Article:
2004 In re Injunction against 2004 Election Rules (UC)
|The Cort Pü Inalt|
Din el Cort Pü Inalt
In the matter of
|THE INJUNCTION AGAINST THE 2004 ELECTION RULES, AND THE ELECTION RULES THEMSELVES|
|5 May 2004/XXV|
Brief of the ruling
Opinion of the Court delivered by
|Justice Metáiriâ and Justice Velméir|
The ruling is recorded at the old Wittenberg.
The following injunction was issued by Justice Velméir on 2 May 2004/XXV:
- It has come to my attention that the honorable SoS of Talossa, Marti-Páir, has recently issued a ruling that votes in Talossa will only be received electronically. No longer will a written vote be honored as a vote.
- I believe this action to be inorganic, as it disenfranchises a portion of Talossa's people. Furthermore, such a move counters decades of precedent concerning voting in Talossa, a nation which like all others has for years voted, at least in part, using paper ballots.
- I have not seen such a pronouncement, as I am not on Wittenburg. Therefore, I issue the following ruling:
- I, Justice Chen Velméir of the Cort pu Inalt, do hereby issue an injunction against any changes to the historically and/or legally accepted voting practices in Talossa or any of its provinces.
- As with any injunction issued by one member of the Cort, the SoS can take the case to the full Cort, and full Organic arguments can be considered at that time.
- Signed this 2nd day of May, 2004
- Justice Chen Velméir
- God Save the King and Talossa!
Justice Velméir delivered the opinion of the Cort:
On or about April 29th, 2004, the Secretary of State of the Kingdom of Talossa, Martì-Páir Furxhéir, submitted to the Talossan people his rules and regulations for the upcoming general election. On May 2nd, 2004, King Robert I, concerned about certain provisions of these rules, petitioned Uppermost Cort Justice Chen Velméir to review the rules as to whether they were Organic or not.
Later that day, Uppermost Cort Justice Chen Velméir issued an injunction against the new rules until such time as the Uppermost Cort could review them and issue a verdict as to their Organicity.
On May 3rd, 2004, Counsel of Record for the Secretary of State, Tamorán dal Navâ, filed a Response to the Injunction, calling into question the organicity of Justice Velméir’s ruling.
This Decision is issued by the Uppermost Cort as a review of the Secretary of State’s actions, as well as the organicity of Justice Velméir’s actions.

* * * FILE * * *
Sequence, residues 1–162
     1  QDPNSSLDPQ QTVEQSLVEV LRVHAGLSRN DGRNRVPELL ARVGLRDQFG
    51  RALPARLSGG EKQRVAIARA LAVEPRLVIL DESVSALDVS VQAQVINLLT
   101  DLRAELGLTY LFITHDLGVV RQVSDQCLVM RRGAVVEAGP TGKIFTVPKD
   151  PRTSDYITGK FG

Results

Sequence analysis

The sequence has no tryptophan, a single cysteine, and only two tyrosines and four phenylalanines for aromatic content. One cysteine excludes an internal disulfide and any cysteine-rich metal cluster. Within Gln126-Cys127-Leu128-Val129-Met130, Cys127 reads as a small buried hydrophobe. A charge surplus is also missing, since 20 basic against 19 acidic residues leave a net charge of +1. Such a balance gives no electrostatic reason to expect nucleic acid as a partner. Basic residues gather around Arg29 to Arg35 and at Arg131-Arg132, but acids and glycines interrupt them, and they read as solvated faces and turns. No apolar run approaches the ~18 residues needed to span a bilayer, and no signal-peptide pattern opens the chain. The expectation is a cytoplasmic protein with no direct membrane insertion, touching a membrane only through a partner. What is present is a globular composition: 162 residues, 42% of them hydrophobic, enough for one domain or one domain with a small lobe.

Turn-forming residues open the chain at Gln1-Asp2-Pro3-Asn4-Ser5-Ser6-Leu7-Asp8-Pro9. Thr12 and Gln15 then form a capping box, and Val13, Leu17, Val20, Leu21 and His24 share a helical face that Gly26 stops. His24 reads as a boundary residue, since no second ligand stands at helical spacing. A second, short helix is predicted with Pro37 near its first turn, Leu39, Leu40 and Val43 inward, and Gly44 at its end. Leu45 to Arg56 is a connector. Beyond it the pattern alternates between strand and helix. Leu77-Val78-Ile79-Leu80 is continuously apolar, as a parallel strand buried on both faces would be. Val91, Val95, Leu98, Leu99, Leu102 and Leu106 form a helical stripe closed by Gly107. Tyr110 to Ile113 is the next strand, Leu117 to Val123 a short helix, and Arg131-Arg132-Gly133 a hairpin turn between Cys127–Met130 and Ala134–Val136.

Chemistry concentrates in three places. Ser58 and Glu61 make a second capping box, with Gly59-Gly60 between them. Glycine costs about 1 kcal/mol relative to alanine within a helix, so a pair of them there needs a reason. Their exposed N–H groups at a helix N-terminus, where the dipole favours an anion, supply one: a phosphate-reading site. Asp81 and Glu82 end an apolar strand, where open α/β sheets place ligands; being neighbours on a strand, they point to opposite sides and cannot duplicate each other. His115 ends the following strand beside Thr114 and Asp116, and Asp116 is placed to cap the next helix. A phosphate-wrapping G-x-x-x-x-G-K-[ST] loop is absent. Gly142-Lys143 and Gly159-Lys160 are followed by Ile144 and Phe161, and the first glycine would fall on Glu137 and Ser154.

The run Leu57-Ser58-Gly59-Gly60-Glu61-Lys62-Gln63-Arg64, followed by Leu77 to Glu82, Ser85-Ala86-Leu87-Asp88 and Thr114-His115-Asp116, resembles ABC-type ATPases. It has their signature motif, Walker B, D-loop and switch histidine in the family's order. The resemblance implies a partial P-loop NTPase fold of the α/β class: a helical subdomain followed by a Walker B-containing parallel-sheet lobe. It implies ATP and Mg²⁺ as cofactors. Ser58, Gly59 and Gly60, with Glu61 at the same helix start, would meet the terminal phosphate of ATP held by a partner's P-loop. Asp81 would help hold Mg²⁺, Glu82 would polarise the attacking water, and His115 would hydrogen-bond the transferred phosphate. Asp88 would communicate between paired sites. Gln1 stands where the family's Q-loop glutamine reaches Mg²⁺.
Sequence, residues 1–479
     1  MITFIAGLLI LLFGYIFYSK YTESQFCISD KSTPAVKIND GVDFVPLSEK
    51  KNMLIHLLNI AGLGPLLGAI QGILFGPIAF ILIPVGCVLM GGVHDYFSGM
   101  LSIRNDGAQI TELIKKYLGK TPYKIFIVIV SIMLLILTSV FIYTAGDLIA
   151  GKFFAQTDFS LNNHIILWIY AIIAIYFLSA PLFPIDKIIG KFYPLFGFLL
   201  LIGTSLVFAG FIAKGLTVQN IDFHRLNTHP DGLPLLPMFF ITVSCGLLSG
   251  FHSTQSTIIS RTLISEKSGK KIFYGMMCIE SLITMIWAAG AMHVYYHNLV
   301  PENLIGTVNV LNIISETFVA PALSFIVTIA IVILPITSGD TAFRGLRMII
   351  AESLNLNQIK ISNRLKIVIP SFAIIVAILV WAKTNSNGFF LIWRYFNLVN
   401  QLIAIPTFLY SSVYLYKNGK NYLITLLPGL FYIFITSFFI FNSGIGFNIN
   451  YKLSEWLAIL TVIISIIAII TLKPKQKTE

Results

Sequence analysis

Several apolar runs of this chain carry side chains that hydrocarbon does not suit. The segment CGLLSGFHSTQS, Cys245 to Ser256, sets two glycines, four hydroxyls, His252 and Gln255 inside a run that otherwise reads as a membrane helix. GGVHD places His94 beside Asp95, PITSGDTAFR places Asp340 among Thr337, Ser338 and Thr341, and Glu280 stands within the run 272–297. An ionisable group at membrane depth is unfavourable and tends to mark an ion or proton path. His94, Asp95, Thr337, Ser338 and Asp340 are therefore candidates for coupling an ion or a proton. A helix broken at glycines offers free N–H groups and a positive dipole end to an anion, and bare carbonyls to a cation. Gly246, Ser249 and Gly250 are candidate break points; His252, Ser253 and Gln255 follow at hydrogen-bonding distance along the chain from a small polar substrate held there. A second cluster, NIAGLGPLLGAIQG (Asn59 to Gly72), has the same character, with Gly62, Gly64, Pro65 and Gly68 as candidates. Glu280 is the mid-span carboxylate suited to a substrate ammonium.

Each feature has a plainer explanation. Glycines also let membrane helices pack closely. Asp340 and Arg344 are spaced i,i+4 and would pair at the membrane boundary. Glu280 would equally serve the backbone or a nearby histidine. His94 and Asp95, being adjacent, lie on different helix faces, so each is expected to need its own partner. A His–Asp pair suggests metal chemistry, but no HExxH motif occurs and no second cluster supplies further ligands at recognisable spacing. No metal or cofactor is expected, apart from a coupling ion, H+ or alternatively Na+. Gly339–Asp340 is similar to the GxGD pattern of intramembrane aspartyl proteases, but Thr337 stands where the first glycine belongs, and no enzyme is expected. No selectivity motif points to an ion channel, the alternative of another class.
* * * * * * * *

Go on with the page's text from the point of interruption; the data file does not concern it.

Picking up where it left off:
I. Secretary of State’s Ruling
The injunction issued by Justice Velméir was based solely on the written ballot issue, though it covered the entire ruling of the SoS.
The Cort finds that omitting the acceptance of written ballots, while at the same time allowing votes by telephone and e-mail, to be inorganic. Such action violates the 1st Covenant of the Covenants of Rights and Freedoms, because it, as well as Article II, Section 1 of the Organic Law call for the preservation of the historical aspects of the Kingdom. It also violates Article VII, Section 4b of the Organic Law, as it discriminates against those wishing to submit paper ballots, while allowing ballots via telephone and e-mail.
This ruling is made with the following caveats:
1. The Cort finds the SoS should have great leeway in conducting elections, especially when it comes to security of the election process. While the Cort may or may not agree with the decision of the SoS, unless cause is brought proving discrimination, the SoS should have free reign to conduct the election as s/he sees fit.
2. Because the SoS has means in place to determine the veracity of votes provided over the telephone and via e-mail, the Cort sees no reason why the SoS cannot place the same requirements on written ballots. The SoS has failed to prove why omitting paper ballots makes the election any more secure, especially in light of the other procedures previously noted.
3. The Cort finds that the SoS issued this ruling with no malice aforethought. Because of this finding, the Cort absolves the SoS from any charges of wrong-doing regarding this incident.
Therefore, the Cort orders the SoS to allow paper ballots in the upcoming and all future elections, and to place whatever requirements on such ballots as s/he sees fit in order to ensure the security of the election. Such rules, however, are subject to the laws of the land, and the Cort highly encourages the SoS to be mindful of such laws when creating these requirements.
II. Injuction of Secretary of State’s Ruling
The Cort finds that injunction by Justice Velméir was completely organic, and dismisses the response from the SoS through his attorney. The Organic Law is very clear on the right of any Cort Justice to issue an injunction.
The Cort finds that the proper response to an injunction from a member of the Cort is a Response upon the Organicity of that which the judge has issued the injunction. By proving that the item is organic, the injunction is then lifted. Henceforth, the Cort will dismiss with prejudice any attempt to suggest that an injunction itself is inorganic.
The Cort finds that, in the response issued by SoS through his attorney, Tamorán dal Navâ, certain aspects of the brief were disrespectful to the Cort. A specific example of this can be found on page 5, when the brief suggests a Justice of the Uppermost Cort had not read the Organic Law. Actions of this type will not be tolerated in the future. Any attempt to show disrespect to a member of the Cort or the Cort as a whole in any proceeding henceforth will be met with a Contempt of Cort charge, and the guilty party will be punished within the bounds of the law.
All orders of the Cort in this matter take effect immediately. God save Talossa, God save the King, and God save this righteous Uppermost Cort.
Dated this 5th day of May, 2004
Senior Justice Ian von Metairiâ
Justice Chen Velméir